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Today's Stichomancy for Avril Lavigne

The first excerpt represents the past or something you must release, and is drawn from The Wheels of Chance by H. G. Wells:

street. Though the bats had been fluttering behind thehedges and the evening star was bright while they were still two miles from Winchester, Mr. Hoopdriver pointed out the dangers of stopping in such an obvious abiding-place, and gently but firmly insisted upon replenishing the lamps and riding on towards Salisbury. From Winchester, roads branch in every direction, and to turn abruptly westward was clearly the way to throw off the chase. As Hoopdriver saw the moon rising broad and yellow through the twilight, he thought he should revive the effect of that ride out of Bognor; but somehow, albeit the moon and all the atmospheric effects were the same, the emotions were different. They rode in

The second excerpt represents the present or the deciding factor of the moment, and is drawn from Burning Daylight by Jack London:

these things took time, and Dede and Daylight were not in a hurry. Theirs was not the mistake of the average city-dweller who flees in ultra-modern innocence to the soil. They did not essay too much. Neither did they have a mortgage to clear, nor did they desire wealth. They wanted little in the way of food, and they had no rent to pay. So they planned unambiguously, reserving their lives for each other and for the compensations of country-dwelling from which the average country-dweller is barred. From Ferguson's example, too, they profited much. Here was a man who asked for but the plainest fare; who ministered to his own simple needs with his own hands; who worked out as a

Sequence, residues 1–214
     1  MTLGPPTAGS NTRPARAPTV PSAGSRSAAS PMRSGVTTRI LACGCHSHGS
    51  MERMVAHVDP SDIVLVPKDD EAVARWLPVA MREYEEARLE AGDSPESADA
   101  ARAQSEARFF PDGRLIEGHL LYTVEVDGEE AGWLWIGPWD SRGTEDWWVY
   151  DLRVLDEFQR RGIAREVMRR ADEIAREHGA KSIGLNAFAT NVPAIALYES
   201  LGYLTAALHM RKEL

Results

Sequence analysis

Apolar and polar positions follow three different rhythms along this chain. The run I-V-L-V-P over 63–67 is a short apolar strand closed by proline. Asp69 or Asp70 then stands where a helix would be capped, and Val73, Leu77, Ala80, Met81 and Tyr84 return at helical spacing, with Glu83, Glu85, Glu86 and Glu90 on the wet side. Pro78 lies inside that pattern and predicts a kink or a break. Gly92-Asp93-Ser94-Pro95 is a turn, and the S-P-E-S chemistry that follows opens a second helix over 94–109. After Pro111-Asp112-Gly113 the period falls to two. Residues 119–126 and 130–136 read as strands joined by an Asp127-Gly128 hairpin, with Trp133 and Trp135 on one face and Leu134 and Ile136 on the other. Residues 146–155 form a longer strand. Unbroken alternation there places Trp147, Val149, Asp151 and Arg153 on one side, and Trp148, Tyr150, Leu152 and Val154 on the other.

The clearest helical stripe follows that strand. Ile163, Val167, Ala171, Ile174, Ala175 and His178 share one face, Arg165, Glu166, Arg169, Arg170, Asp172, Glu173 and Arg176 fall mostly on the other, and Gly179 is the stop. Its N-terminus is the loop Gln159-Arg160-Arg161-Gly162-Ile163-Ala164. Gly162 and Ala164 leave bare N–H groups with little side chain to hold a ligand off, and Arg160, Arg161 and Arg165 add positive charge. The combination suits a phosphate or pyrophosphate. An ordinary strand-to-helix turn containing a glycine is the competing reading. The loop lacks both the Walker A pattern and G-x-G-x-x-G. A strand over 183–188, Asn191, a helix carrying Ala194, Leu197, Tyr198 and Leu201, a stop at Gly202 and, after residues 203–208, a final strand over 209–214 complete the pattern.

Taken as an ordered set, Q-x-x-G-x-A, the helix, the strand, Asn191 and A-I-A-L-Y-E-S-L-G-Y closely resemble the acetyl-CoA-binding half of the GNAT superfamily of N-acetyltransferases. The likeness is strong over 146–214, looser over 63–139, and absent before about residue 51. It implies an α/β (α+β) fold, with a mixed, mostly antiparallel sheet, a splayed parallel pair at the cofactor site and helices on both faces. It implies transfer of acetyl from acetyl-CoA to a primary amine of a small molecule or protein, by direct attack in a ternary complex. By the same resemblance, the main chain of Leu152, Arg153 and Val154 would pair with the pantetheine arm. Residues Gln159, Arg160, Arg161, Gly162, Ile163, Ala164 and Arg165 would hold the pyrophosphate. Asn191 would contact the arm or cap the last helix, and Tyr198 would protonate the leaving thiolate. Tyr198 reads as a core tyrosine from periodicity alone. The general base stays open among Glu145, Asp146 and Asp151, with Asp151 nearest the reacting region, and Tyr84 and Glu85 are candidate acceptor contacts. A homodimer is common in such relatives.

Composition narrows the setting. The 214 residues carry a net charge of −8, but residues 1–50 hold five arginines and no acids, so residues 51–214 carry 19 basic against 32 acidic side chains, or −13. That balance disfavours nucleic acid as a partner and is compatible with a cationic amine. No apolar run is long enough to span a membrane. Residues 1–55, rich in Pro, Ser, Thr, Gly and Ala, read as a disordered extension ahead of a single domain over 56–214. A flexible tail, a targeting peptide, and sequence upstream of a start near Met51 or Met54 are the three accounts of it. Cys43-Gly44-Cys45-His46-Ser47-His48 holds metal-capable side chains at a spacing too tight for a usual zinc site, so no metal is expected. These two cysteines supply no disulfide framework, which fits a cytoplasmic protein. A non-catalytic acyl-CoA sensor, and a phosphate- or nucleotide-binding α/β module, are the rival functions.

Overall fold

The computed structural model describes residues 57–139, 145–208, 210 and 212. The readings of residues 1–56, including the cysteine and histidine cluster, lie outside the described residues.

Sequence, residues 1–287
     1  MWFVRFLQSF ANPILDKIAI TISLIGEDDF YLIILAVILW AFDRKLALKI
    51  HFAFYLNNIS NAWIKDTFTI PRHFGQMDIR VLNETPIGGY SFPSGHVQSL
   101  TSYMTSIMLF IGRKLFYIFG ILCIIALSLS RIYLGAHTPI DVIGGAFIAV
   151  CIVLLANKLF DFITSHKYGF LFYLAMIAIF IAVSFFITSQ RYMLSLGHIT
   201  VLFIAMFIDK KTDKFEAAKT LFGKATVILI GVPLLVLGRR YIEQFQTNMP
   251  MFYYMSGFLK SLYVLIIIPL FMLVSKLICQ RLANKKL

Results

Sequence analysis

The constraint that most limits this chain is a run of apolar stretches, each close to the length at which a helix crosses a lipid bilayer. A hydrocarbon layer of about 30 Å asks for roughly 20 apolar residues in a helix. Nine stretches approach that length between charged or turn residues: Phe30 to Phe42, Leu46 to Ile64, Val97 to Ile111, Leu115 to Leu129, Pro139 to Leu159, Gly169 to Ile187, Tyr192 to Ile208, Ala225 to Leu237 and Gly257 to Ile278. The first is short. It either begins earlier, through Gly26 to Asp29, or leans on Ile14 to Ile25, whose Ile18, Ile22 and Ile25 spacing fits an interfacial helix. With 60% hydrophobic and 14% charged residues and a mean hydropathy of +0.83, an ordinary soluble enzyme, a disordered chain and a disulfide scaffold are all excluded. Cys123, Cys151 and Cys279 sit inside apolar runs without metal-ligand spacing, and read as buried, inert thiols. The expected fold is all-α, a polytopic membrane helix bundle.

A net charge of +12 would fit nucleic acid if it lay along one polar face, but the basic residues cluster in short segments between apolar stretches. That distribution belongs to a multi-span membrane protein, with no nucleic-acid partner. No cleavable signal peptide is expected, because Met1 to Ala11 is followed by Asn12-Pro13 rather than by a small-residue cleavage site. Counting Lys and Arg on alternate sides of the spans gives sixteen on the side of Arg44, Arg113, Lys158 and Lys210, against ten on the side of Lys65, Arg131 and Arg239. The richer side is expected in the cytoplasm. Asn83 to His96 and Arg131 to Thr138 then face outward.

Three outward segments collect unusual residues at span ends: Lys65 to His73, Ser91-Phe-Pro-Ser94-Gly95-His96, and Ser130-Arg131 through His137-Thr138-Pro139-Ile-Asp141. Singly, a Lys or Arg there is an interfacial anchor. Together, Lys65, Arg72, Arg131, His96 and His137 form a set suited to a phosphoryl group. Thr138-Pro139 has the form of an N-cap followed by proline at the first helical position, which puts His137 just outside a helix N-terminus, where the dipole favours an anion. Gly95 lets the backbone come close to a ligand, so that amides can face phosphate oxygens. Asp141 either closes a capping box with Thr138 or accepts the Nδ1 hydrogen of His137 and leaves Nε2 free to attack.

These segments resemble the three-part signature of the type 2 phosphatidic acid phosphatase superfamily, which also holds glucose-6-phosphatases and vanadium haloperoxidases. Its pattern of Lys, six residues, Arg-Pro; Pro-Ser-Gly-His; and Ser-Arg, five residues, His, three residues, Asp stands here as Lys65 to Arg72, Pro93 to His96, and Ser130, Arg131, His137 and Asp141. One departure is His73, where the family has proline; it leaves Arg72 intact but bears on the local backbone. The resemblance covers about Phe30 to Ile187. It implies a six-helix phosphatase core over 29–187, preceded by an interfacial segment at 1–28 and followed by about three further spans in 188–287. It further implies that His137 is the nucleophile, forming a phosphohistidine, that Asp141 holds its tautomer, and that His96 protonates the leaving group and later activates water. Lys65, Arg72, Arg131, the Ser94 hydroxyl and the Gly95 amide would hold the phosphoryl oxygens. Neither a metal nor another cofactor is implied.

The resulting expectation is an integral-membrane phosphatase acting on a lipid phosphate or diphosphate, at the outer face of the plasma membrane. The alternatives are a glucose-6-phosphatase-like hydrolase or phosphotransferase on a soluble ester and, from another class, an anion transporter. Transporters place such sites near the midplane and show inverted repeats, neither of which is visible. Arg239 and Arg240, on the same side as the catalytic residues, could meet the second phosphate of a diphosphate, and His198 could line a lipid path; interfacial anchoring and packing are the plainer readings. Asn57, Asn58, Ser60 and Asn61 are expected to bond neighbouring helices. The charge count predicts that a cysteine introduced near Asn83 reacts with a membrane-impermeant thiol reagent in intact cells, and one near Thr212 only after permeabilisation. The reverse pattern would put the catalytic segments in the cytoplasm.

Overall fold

The third excerpt represents the future or something you must embrace, and is drawn from The Chouans by Honore de Balzac:

of a population given over to the habits of immemorial routine. This unfortunate condition is partly accounted for by the nature of the land, broken by ravines, mountain torrents, lakes, and marshes, and bristling with hedges or earth-works which make a sort of citadel of every field; without roads, without canals, and at the mercy of prejudices which scorn our modern agriculture. These will further be shown with all their dangers in our present history.

The picturesque lay of the land and the superstitions of the inhabitants prevent the formation of communities and the benefits arising from the exchange and comparison of ideas. There are no villages. The rickety buildings which the people call homes are

The Chouans